WASHINGTON (DTN) -- New York Mercantile Exchange oil futures and Brent crude on Intercontinental Exchange moved higher in early hours Tuesday, with West Texas Intermediate June contract extending a rally on data showing shale operators throttled back production more than previously forecasted while a recovery in demand amid a resumption of economic activity has eased storage constraints.
In early trading, NYMEX June WTI futures added $0.55 to trade above $32 per barrel (bbl), widening its premium to the July contract to about $0.60 ahead of expiration this afternoon.
Chicago Mercantile Exchange lowered margin requirements for the June WTI contract by 25% from $12,000 as recent extreme volatility eased. Cumulative trade volume early Tuesday for the June contract is nearing 1,500 contracts compared with the July contract at just below 138,000.
International Brent crude benchmark for July delivery was slightly higher near $35 bbl, paring an advance to a $35.76 six-week high on the spot continuous chart.
NYMEX June ULSD futures were flat near $1.0070 gallon, stalling n front of Monday's $1.0286 five-week spot high. NYMEX June RBOB contract was up 1.4 cents near $1.04, easing from a $1.0510 nine-week spot high.
Energy Information Administration projects crude production from seven major shale formations in the United States to fall by a record 197,000 barrels per day (bpd) in June to 7.822 million bpd, a downward revision of 704,000 bpd from last month's forecast. If realized, production decline would amount to 3.8 million bpd by the end of June from the current 11.6 million bpd.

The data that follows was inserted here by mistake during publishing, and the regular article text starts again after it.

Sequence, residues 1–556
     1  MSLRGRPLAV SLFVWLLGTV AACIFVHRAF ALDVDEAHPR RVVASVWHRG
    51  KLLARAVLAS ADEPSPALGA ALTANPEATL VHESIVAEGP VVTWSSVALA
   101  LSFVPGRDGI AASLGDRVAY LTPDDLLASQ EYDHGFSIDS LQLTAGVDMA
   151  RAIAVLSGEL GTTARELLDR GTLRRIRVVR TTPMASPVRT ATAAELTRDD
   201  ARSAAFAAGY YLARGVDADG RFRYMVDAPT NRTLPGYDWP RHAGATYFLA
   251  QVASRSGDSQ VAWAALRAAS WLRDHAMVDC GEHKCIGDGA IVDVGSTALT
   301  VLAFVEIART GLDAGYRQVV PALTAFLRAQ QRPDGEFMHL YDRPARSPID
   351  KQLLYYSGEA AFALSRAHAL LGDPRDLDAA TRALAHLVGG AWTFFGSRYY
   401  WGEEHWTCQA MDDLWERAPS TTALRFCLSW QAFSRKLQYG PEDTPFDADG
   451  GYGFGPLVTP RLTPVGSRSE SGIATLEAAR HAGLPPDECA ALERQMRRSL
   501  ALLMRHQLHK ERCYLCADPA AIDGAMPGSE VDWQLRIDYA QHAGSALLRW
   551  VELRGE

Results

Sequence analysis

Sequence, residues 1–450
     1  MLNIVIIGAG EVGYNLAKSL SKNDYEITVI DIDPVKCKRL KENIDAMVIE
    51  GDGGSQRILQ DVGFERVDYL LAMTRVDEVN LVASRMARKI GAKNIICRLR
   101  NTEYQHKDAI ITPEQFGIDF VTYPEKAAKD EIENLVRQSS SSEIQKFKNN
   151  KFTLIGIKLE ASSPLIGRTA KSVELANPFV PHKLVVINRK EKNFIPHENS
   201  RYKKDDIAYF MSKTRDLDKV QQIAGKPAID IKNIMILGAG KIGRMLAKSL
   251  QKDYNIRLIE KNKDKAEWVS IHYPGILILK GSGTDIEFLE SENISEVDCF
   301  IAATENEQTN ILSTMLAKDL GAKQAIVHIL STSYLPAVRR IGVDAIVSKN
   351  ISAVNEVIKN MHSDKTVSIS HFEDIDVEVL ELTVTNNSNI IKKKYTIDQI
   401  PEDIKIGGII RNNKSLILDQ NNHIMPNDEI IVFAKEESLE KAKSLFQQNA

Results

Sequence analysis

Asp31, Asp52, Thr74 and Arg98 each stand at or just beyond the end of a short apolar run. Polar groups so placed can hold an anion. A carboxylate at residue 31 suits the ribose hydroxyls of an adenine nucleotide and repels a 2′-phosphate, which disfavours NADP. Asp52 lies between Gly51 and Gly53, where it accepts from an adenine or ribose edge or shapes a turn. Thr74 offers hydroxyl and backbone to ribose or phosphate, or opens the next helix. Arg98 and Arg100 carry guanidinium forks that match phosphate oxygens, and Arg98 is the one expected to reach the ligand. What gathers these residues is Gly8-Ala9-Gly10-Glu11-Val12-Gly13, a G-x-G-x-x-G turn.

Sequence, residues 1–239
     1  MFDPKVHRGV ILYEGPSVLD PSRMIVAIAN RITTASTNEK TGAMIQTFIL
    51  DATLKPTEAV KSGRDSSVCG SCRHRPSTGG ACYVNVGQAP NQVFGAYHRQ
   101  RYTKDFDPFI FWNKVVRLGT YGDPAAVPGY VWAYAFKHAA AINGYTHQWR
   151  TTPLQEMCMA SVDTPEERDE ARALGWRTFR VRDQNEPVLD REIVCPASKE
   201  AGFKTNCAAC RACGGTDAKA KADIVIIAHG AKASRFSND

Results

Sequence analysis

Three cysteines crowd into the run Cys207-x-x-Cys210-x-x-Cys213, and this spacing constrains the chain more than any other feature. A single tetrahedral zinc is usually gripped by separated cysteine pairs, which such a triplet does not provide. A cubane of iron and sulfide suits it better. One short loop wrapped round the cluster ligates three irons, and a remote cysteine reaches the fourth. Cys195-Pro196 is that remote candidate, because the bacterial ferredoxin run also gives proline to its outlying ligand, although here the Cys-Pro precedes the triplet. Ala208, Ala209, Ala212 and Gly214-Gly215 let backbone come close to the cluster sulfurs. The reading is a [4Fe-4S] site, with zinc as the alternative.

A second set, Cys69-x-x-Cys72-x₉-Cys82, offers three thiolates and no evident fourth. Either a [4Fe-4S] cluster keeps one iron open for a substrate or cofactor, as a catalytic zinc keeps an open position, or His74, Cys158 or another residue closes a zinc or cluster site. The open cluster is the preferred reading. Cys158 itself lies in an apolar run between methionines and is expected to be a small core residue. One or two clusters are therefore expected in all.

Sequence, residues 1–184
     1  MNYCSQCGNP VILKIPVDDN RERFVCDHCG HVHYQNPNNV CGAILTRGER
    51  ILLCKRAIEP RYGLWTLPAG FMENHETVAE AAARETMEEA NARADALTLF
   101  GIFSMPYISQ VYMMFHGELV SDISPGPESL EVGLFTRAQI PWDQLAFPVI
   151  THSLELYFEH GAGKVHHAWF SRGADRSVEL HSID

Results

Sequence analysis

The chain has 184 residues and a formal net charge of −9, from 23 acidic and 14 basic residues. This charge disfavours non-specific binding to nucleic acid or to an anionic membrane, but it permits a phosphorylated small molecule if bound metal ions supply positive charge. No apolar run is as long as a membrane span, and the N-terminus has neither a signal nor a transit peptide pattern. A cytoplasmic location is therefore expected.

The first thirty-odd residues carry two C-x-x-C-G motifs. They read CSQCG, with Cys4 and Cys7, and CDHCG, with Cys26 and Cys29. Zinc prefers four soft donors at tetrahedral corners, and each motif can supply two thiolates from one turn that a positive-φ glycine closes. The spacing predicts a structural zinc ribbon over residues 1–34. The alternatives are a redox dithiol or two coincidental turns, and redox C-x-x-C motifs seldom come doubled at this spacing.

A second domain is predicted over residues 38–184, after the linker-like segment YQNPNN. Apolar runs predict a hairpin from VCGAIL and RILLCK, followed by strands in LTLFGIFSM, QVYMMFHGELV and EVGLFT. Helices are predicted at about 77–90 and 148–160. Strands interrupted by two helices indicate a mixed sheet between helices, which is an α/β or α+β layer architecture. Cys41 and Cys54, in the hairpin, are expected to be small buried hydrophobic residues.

Few analysts expected the cuts would run this deep and happen so quickly. Days after the May WTI contract settled at a negative $37.63 bbl on April 20, most forecasts called for U.S. production to decline by about 1.5 million bpd by the end of June. A month later, domestic producers are on track to shut-in twice as much, easing fears over storage capacity and bolstering the WTI contract.
In financial markets, Federal Reserve Chairman Jerome Powell and U.S. Treasury Secretary Steven Mnuchin are set to testify Tuesday before the Senate's financial committee about the $2 trillion economic-relief package delivered to small businesses due to the COVID-19 pandemic. The testimony begins 10 a.m. ET.
U.S. stock futures moved modestly lower following Monday's rally that lifted Wall Street to its best session in five weeks, spurred by Fed's aggressive liquidity injections and hopes for the development of a vaccine for COVID-19. On Monday, Dow Jones Industrials surged more than 900 points to 24,597 and S&P was up 3.15%.
U.S. investment bank Citi Group forecasts the two indexes would recoup 81% and 90% of their losses suffered from February's record peaks in as little as 15 months. The optimistic outlook reflects expectations for improved economic performance next year and in 2022 as well as development of the vaccine that would bring back many of the "normal practices."
"While some industries could face permanent long-term damage, the Great Pause will reverse itself as time progresses," said the bank.
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